Podcast: Retail Fights Back With Connected Tech

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Podcast: Retail Fights Back With Connected Tech

In this episode, we explore the dynamic landscape of retail transformation in the digital age. Learn how the integration of cutting-edge technology is reshaping shopping experiences and customer engagement. From real-time supply monitoring to digital shelves enabling dynamic pricing based on demand, discover how retailers adapt to changing consumer behaviors and preferences.

In this episode, we explore the dynamic landscape of retail transformation in the digital age. Learn how the integration of cutting-edge technology is reshaping shopping experiences and customer engagement. From real-time supply monitoring to digital shelves enabling dynamic pricing based on demand, discover how retailers adapt to changing consumer behaviors and preferences. Join us to uncover the strategies and insights driving the reinvention of retail in today's interconnected world.

This podcast is sponsored by Mouser Electronics.  


(3:00) - Reinventing Retail in The Connectivity Age

This episode was brought to you by Mouser, our favorite place to get electronics parts for any project, whether it be a hobby at home or a prototype for work. Click HERE to check out the article written by our friend Paul discussing the growing role of connected devices in traditional retail.


What's going on folks? Welcome back to the Next Byte podcast. And in this one, we're talking all about retail, not shopping, not window shopping, no, none of that. We're talking about how digital technology is gonna revolutionize retail and potentially even help it beat e-commerce by making your shopping experience way better than you could have ever imagined. So, if that's got you hyped up, then buckle up and let's get into it.

I'm Daniel, and I'm Farbod. And this is the NextByte Podcast. Every week, we explore interesting and impactful tech and engineering content from Wevolver.com and deliver it to you in bite sized episodes that are easy to understand, regardless of your background.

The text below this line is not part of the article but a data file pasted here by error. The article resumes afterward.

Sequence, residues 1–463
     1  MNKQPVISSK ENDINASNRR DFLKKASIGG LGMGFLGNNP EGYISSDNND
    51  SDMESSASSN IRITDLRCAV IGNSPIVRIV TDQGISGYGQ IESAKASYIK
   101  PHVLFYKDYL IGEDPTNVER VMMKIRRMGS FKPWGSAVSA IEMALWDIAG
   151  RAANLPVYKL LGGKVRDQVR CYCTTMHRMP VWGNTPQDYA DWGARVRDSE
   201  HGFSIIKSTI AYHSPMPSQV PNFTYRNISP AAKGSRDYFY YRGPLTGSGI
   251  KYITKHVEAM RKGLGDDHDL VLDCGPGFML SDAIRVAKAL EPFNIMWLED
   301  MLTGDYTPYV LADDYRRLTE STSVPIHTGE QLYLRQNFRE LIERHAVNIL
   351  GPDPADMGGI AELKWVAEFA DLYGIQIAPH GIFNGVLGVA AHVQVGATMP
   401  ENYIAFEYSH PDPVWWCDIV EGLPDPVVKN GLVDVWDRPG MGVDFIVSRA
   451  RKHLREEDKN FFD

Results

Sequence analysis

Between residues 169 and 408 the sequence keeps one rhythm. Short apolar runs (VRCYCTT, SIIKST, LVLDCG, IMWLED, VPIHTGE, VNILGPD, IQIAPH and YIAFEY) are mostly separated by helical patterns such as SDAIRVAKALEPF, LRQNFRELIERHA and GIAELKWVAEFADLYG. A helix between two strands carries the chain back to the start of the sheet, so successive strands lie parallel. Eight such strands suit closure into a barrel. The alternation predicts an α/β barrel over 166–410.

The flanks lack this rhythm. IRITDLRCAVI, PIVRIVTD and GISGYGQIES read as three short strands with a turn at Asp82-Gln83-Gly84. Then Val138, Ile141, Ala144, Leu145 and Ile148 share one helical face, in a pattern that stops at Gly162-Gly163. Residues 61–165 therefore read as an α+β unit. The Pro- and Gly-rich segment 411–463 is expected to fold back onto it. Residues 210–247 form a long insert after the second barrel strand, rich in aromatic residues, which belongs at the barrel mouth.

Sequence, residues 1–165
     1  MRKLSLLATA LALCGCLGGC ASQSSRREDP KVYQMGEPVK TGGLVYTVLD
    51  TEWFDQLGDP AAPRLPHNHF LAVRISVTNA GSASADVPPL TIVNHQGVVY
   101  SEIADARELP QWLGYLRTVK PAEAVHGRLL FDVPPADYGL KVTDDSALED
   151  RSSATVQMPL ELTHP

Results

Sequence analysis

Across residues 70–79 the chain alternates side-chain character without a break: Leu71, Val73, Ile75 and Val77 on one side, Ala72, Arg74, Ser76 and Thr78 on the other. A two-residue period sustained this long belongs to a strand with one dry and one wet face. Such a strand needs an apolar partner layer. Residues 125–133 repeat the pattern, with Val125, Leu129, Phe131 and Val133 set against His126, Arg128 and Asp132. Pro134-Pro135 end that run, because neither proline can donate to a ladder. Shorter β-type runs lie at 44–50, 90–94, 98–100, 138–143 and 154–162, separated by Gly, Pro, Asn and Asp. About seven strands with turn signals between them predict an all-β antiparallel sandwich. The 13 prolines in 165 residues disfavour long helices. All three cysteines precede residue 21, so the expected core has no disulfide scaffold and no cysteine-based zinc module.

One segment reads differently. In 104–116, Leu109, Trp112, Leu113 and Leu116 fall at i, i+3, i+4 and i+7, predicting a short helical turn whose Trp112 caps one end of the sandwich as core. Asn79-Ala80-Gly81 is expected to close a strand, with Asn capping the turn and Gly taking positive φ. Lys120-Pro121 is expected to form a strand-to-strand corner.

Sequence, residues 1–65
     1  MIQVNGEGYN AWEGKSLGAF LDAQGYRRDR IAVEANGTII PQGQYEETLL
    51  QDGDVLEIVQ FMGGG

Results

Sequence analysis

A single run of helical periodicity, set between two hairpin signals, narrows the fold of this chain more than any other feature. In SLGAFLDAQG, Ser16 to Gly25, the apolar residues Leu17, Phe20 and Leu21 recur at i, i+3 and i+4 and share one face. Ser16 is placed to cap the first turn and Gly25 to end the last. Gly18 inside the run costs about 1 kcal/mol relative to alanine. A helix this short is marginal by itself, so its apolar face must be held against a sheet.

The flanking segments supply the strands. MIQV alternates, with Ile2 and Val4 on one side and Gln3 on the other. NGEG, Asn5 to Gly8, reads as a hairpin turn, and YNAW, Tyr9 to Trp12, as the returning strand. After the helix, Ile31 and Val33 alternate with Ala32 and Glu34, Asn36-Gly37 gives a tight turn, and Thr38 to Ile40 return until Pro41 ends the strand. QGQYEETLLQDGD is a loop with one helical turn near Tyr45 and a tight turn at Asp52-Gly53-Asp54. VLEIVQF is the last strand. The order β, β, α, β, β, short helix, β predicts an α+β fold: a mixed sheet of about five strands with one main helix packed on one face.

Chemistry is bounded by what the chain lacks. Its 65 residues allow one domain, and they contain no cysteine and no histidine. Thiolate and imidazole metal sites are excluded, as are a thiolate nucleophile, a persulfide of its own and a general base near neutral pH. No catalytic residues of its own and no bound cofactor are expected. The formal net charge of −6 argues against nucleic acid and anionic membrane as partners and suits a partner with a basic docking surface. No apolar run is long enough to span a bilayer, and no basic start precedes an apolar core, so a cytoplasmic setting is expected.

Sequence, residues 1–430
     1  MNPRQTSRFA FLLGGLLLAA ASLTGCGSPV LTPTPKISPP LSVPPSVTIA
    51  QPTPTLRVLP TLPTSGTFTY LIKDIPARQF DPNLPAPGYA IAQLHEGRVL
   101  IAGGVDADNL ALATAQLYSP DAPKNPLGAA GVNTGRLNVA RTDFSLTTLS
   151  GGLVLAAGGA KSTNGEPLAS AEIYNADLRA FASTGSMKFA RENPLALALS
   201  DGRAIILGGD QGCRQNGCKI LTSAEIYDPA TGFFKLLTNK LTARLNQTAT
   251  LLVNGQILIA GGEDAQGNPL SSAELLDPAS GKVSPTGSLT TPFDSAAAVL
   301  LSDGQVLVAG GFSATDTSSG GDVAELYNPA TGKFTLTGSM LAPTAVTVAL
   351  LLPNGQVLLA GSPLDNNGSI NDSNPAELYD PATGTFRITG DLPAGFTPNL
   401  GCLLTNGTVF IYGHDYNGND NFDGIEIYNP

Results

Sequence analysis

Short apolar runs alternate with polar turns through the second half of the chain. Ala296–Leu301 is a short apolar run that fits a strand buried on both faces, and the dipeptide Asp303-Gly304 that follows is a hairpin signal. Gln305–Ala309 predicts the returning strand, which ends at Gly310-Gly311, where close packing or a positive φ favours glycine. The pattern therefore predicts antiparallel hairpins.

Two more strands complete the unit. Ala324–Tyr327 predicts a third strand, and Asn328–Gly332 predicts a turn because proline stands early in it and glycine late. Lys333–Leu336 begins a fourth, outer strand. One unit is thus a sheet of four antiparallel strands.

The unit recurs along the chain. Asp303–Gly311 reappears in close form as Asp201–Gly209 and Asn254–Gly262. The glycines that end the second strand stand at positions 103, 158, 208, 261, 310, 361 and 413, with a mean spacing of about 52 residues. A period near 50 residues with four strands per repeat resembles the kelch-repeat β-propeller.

Farbod: Alright folks, as you heard, we are talking about retail in this episode, which doesn't really sound like a topic we would be talking about, but just hang on for a second. It's going to make sense. Now before we jumped into today's topic, we're going to talk about a technical resource by today's sponsor, Mouser Electronics. Now you might be wondering, well, why is Mouser talking about retail? Well, again, it's going to make sense. You see, we're talking about how retail is actually getting transformed and it's coming into the digital age. And I think, this technical resource does a really, really good job at it. It's written by one of our friends from Mouser, Paul, and Paul does a great job of explaining like, hey, when I was getting my MBA, I was actually doing research in retail stores where we would do exit surveys to understand why people are here, what stores they want to go to, what their impression was. And he's talking about, this was written in 2017, by the way, he's talking about how the rise of IoT and big data and AI is kind of alleviating the need for that because we can automate that entire process. Well, now we're in 2023 and it turns out that Paul was right on the money. That's exactly what's happening. And that's what this article is talking about. At the time, this research group was projecting that there would be about 20 billion devices connected to the internet by 2020. And I don't know if we've quite hit that number, but I feel like-

Daniel: I think, I just Googled it quickly. I think we're at 17 billion. So not that far off.

Farbod: I was going to say, I feel like we're pretty close. When I think about my life and how many connected devices I have, and you think about the population of the world that has access to technology, it kind of starts to make sense. So, if you're interested in the world of retail and how it's digitizing, then you should definitely check out this article as like a precursor to what we're talking about today.

Daniel: And I would say like the cool part about that is Paul talks about how like all this data from all these devices. You can use AI to like analyze this data to get actionable insights. I think that's like a key part of what we're going to talk about today. So, this is like an interesting primer on how retailers can leverage data to overhaul the retail experience. And that's actually a pretty solid segue to what we're talking about today, which is like physical stores, brick-and-mortars, using a next generation of wireless technology to overhaul the experience into a way that they're not just holding their own against e-commerce. Brick-and-mortar retail is actually clawing back market share from e-commerce, which in like after the pandemic in 2020, 2021, a lot of the pundits were saying like e-commerce is here and all the sales that it stole from brick-and-mortar are here to stay. Like the pandemic just accelerated a global trend that was going to happen anyway. And actually, since then we've seen brick-and-mortar retail start to claw back market share. And I think a big part of that is the fact that retail is focusing on this new technology, these new trends that we're gonna talk about today to kind of overhaul what retail looks like in a brick-and-mortar. And I'm excited to talk about what they've done to date and then also what the future might look like if they continue on this trend.